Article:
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A Year of Remembrance: Forgotten Victims of Gay Bar Shooting

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Sarah Murphy
Written by Sarah Murphy

A little over a year ago, members of the queer community were enjoying a night out in a gay club, much like any other week, when their lives changed forever.


As gun fire sprayed through the club while they danced, many ducked for cover and others fled. Some were injured, others weren’t so lucky and lost their lives.

According to a staff member working on the night of the shooting, there were around 400 people in the club at the time of the shooting.

While the events that unfolded that evening took place on the other side of the globe, a world away from our South Pacific nation, here in New Zealand we take note of tragedies that unfold in the international community. Except when we don’t.

This is a story that may sound familiar to you, but no, I’m not talking about Orlando.

The ILGA (International Lesbian, Gay, Bisexual, Trans and Intersex Association) notes that last year, “at least two massacres in gay bars were recorded”, Orlando and Xalapa. Chances are, you don’t remember the latter.

On 22 May 2016, three gunmen entered La Madame, a gay club in Xalapa, Mexico and fired into the crowd.

The number killed varies somewhat, the official number being seven people but witnesses believe it was well over 15. A number of others suffered injuries. In Mexico, this variation in numbers is not uncommon.

At the time of the shooting, a reporter based in Xalapa told Spanish-language outlet Regeneración that “there were many more [victims] than what the government says, obviously”.

The motive for the shooting in Xalapa is unclear, many say the shooting was drug-related. However, when innocent lives are lost, the motive is not the thing we should be placing the most emphasis on.

A 20-year-old was arrested without a warrant for the shooting the following day and pled guilty, however both he and his family claimed the authorities forced a confession from him using torture. He said the authorities threatened to kill him and his family. It is not uncommon for authorities to act quickly in finding a suspect following an event like this.

Reports about the mass shooting vary somewhat, as is often the case in Mexico, a nation with the highest number of journalists murdered in the world.

Security footage outside La Madame shows three men fleeing the scene. There are countless images of the destruction and loss of life from inside the club.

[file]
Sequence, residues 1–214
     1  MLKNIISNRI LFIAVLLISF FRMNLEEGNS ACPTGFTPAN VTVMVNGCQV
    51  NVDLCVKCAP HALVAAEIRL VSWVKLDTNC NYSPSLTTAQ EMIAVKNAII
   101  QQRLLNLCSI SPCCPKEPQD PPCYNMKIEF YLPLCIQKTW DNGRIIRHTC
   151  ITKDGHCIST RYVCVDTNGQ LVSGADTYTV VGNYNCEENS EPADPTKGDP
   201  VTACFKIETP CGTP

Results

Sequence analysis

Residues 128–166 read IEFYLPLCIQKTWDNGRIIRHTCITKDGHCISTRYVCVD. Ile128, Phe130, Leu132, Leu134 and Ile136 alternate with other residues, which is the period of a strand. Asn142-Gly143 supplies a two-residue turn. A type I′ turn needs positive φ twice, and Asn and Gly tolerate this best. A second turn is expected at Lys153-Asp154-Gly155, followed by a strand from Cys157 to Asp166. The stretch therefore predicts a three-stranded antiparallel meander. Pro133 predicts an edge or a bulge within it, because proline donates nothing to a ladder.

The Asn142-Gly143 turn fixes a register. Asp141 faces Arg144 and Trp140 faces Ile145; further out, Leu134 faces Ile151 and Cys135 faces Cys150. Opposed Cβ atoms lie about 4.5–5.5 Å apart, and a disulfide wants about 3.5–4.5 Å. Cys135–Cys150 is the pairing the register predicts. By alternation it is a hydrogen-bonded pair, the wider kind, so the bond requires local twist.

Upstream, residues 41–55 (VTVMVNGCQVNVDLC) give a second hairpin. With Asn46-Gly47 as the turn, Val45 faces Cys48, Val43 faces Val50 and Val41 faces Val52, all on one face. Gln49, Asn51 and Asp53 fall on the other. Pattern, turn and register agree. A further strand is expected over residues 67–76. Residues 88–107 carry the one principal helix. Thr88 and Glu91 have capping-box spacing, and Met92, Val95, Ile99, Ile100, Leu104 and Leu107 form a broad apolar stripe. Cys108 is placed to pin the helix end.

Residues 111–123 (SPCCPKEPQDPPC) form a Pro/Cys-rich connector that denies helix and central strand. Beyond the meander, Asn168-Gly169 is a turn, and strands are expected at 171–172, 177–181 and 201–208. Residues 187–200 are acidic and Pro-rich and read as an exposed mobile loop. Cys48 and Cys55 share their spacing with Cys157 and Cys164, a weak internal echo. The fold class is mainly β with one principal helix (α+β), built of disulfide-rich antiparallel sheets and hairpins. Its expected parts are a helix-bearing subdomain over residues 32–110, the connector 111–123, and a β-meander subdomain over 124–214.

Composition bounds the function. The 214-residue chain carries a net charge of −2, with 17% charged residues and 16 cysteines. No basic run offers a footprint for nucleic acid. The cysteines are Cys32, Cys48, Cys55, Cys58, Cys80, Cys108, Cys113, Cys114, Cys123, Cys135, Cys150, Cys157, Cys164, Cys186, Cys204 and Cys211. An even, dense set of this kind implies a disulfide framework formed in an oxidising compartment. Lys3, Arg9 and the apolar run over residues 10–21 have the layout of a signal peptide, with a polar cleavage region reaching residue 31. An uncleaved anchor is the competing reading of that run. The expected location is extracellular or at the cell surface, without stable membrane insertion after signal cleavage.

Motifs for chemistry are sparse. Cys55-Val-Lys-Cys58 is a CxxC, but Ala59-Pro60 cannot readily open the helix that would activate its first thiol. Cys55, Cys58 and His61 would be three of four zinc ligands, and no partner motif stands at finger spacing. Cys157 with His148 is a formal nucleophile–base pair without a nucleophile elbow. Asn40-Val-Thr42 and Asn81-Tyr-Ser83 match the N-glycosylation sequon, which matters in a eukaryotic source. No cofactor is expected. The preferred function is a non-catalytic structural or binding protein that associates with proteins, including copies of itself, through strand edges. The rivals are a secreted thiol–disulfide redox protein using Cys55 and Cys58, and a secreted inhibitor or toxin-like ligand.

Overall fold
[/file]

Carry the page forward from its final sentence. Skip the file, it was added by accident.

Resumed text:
On 24 May, the names of six of the deceased were published in Spanish-language Mexican outlet, Noreste. They are:

  1. Cristian Pacheco, 31
  2. Lucas Gustavo Hernández Ruiz, 22
  3. Alexis Jiménez Suárez, 21
  4. Francisco Javier Marín Hernández, 21
  5. Isaac Nathanael
  6. Luis Donaldo Rivera Calderón, 20

The shooting took place three weeks before the shooting in Orlando. and yet went largely unreported in the English-language media. The English-language media outlet Remezcla, with offices in Mexico City, Brooklyn and Los Angeles, was one of the very first to report in English about the shooting and call out the global media for ignoring it.

I reported extensively on the shooting in Xalapa when it first came across my radar, just after news broke of the shooting in Orlando.

One local in Xalapa, whose friend was in La Madame as the shooting took place, says the queer and gender diverse community there “lives in fear”.

There are no federal provisions in Mexico aggravating penalties for crimes motivated by the victim’s sexual orientation.

With initial reports only in Spanish, this would have meant in the early stages not all outlets would have been aware of the shooting, what is concerning thought, is that as the story started to slowly emerge in English-language media, it was almost completely ignored by the mainstream media. I even reached out to mainstream media here in New Zealand who chose to turn a blind eye.

A number of news outlets in Mexico updated their reports on the Xalapa shooting following the shooting in Orlando and questioned why the two events received different responses. They weren’t the only one’s to do so.

While the world mourned for Orlando, there was no #PrayForXalapa flooding our social media feeds.

While millions of dollars were raised for victims and family members of those in Orlando, to the best of my knowledge, those in Xalapa, situated in a developing country, didn’t receive any help from global fundraising efforts.

The OneOrlando fund raised over $27.4 million. Equality Florida, over $9 million, with 120,000 donations from over 120 countries. The Pulse Tragedy Community Fund raised half a million. The list goes on.

Here in New Zealand, candlelight vigils and fundraisers were held for Orlando — at least seven across Auckland and Wellington — and while it is important to come together as communities who face similar oppression because of sexuality and gender identity, there seems to be a bit of picking and choosing of when to apply this definition of community. Even when event organisers were made aware of the shooting in Xalapa, it appears none chose to extend their event to mourn both Orlando and Xalapa .

Tributes one year later are no different. You may have noticed as you scrolled through your Facebook feed this week, countless articles relating to the anniversary of the Orlando shooting. How many have you seen remembering those who died in Xalapa?

The silence speaks volumes. Take note. Do some lives in the queer and gender diverse communities count more than others?

About the author

Sarah Murphy

Sarah Murphy

Sarah is a journalist and creative writer who has written extensively about sexuality and gender minority communities over the past five years.

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